Trent Hagan: Crisis response is everyone’s duty

At times, there is no white lab coat necessary to save a life.

Because training to teach you to respond to medical emergencies is so accessible, students should take a larger role in our campus’ safety and medical well-being by learning basic patient care in emergency situations.

All GW students have access to trained rescuers, of course, but those moments between the onset of an emergency and the arrival of medical professionals represent a critical window of time for the victim’s survival.

It doesn’t take the experience of an Emergency Medical Technician to administer CPR. In fact, many of the defibrillators located throughout campus verbalize automated step-by-step instructions so that any untrained citizen can administer effective shocks.

Cardiac arrests are by no means the only scenarios that call for the helping hand of a first responder.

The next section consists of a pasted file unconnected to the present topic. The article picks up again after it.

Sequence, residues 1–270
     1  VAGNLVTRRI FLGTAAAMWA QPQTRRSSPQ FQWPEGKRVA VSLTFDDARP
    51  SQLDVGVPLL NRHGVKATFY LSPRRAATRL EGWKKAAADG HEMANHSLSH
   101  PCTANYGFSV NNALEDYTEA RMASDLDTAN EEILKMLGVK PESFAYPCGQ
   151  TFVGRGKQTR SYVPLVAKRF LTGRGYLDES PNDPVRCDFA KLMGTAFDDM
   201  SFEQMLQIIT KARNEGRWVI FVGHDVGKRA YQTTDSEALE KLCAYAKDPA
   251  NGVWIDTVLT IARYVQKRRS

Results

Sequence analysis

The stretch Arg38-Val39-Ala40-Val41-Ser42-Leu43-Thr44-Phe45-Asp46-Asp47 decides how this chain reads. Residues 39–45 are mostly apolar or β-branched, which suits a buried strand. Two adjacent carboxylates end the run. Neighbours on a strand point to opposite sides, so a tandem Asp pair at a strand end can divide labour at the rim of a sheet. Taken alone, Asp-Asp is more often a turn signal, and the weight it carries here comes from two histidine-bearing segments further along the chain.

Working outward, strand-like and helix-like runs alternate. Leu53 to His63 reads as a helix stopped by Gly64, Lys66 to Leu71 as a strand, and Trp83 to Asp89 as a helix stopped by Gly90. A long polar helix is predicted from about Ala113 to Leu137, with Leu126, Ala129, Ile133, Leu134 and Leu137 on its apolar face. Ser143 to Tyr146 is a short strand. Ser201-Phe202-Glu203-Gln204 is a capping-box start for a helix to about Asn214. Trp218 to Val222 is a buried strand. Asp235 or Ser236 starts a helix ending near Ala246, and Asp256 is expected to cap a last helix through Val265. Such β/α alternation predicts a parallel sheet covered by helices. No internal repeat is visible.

Medical emergencies can arise when students overdose or binge drink, and a student trained emergency response could potentially be the difference between life and death for an ill student. Instead of panicking when discovering a passed out, unresponsive friend, a student trained to react would know to turn the unresponsive friend on his or her side and look for a blocked airway – critical steps in preventing chocking.

Foggy Bottom’s Emergency Medical Response Group offers a range of CPR and first aid certification classes throughout each academic semester. Such training is open to all students and provides the skills required to respond quickly and efficiently to those critical incidents when every second counts.

Students wishing to secure a more extensive knowledge base should enroll in GW’s EMT-Basic Clinical Summer Program. The University also offers similar courses during both the fall and spring academic semesters for full credit value.

On the streets of D.C., heroism exists far beyond the walls of the emergency room. Whether you wear a white coat, a business suit or a backpack, the ability to save a life is well within the hands of any community member.

Trent Hagan is a freshman majoring in political science.

The Hatchet has disabled comments on our website. Learn more.